The amazing Wonders of the Universe started on BBC2 last week and marked the return to Sunday night TV of the “thinking girl’s crumpet” (not my words, but I agree), Professor Brian Cox. If I had known what a sexy particle physicist he was going to turn out to be (and before you disagree, People have said so too), I might have paid more attention to him when, in his previous life as a keyboard player for the band D:Ream, I saw him on stage at the Point Depot in Dublin circa 1996. At the time, I was twelve and they were Take That’s support act.
Wonders is one of my favorite shows at the moment, not just because it makes science look cool and things like thermodynamics easy to understand*, but because Professor Cox in genuinely in awe of this amazing universe we live in (as we all should be), and it comes across in every word. This awe is awesomely parodied (see what I did there?) in the video below which, if you’ve never seen Wonders, is pretty much what it’s like, only with more science and less swearing:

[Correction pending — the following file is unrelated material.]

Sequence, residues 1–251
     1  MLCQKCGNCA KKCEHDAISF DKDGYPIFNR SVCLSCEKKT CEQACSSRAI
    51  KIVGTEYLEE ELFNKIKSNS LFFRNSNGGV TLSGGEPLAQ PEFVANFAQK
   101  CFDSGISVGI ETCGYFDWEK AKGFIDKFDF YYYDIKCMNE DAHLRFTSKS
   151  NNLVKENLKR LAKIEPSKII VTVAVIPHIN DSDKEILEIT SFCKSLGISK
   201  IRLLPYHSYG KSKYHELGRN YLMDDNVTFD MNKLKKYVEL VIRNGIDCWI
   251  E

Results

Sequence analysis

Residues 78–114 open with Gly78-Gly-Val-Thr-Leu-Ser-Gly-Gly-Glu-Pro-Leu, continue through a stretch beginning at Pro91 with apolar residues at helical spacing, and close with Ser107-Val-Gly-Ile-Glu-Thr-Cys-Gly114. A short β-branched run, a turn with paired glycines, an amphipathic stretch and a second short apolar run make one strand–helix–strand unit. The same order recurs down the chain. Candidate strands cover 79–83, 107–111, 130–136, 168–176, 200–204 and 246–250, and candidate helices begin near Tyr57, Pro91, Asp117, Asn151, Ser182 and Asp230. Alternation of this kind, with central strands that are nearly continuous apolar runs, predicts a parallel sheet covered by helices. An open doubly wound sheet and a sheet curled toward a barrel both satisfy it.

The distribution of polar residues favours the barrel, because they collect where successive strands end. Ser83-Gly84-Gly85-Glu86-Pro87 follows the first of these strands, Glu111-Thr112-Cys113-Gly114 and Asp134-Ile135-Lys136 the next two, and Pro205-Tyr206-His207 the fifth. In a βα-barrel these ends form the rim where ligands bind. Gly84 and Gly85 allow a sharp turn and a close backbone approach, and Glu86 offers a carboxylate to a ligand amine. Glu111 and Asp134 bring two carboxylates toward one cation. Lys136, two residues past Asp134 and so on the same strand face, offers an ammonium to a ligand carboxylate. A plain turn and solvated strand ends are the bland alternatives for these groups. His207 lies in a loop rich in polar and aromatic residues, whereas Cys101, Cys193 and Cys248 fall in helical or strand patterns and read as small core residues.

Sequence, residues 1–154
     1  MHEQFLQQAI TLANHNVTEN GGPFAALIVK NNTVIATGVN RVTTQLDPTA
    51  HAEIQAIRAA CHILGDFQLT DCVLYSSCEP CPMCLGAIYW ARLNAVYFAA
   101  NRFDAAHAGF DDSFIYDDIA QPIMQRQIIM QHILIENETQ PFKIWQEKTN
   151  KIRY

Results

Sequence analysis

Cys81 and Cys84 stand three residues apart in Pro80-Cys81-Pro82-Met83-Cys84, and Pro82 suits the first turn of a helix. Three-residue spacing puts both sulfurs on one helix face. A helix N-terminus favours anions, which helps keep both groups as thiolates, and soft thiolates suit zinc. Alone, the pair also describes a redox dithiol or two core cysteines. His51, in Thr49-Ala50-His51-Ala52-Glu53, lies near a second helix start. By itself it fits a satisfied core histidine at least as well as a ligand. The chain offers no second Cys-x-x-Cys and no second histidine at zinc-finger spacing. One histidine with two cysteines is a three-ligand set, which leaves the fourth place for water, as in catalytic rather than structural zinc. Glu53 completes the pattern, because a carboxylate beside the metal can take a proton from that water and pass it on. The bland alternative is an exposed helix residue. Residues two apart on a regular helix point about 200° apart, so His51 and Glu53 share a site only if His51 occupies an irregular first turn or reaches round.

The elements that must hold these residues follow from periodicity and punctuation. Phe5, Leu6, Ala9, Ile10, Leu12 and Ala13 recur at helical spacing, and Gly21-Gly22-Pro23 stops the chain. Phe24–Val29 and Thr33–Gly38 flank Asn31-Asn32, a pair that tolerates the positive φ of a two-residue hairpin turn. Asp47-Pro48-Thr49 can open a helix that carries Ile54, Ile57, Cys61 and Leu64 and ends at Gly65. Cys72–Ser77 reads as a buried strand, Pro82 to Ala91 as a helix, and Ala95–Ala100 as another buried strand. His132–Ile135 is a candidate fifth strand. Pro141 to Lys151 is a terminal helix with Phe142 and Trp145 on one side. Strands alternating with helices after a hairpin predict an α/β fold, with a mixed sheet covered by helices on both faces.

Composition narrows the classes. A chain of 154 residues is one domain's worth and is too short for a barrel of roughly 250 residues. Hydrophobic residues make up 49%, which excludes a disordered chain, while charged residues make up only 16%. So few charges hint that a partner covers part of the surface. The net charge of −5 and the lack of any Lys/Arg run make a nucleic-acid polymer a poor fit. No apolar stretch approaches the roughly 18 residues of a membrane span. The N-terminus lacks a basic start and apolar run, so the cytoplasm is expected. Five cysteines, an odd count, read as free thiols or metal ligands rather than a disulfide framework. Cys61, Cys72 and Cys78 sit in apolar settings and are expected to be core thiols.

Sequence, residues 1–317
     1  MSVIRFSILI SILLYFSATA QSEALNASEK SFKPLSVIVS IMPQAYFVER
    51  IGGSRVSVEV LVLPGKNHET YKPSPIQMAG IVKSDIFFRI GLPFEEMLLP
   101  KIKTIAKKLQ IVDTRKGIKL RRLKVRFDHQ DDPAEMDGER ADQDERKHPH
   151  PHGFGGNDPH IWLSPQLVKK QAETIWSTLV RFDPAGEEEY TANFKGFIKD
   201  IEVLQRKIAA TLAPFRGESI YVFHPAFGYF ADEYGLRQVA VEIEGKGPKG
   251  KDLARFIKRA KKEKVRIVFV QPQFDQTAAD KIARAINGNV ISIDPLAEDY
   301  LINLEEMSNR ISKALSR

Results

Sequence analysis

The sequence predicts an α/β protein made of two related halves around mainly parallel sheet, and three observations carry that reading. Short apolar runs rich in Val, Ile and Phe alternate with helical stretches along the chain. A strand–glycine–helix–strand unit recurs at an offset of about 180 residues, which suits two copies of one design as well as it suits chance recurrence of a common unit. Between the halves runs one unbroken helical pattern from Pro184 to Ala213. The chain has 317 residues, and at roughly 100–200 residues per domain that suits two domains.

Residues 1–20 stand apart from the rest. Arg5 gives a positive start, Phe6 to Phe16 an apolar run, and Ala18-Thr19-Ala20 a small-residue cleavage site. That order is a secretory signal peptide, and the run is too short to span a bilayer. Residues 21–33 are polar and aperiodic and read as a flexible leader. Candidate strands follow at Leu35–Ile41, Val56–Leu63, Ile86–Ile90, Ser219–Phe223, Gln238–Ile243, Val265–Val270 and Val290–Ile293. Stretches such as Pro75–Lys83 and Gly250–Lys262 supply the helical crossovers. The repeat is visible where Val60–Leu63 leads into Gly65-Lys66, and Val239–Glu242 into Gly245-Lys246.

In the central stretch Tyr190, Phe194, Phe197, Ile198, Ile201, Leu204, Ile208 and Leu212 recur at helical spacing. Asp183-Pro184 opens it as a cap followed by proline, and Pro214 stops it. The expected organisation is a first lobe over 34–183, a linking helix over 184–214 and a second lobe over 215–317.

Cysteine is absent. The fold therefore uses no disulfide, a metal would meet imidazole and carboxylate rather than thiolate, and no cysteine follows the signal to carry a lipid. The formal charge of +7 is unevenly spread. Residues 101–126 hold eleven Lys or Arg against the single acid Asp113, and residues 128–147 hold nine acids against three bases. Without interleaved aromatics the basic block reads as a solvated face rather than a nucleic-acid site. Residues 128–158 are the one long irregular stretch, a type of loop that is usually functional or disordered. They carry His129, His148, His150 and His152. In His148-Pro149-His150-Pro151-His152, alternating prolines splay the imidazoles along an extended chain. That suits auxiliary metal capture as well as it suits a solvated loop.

But this is my favorite Professor Cox video: an outtake from last year’s Wonders of the Solar System in which he reacts to the question of whether or not we “really” went to the moon. In the clip he’s on his way to Apache Point Observatory in New Mexico where ever since Apollo 11, scientists have been studying lunar orbital activity by shooting laser pulses at retroreflectors (mirrors, basically) that NASA astronauts left on the moon. It’s called Lunar Laser Ranging (LLR) and is something the conspiracy theorists love to conveniently forget.
Wonders of the Universe is on BBC2 Sunday night at 9pm, and even if you’ve no interest in science whatsoever, the beautiful images and locations – and the beautiful professor – are reason enough to watch. This week’s episode is called Stardust, and seeks to understand where we all came from, and from what. Maybe one of my all time favorite quotes – “We are star stuff” from Dr. Carl Sagan – will make it in there, because we are, after all, made of the same stuff as the stars are.
Don’t you just love that idea?
*If we can make requests for Prof Cox to explain complex ideas using things like sandcastles and bonfires and pebbles and stuff, could he please do string theory? It hurts my brain. Thanks.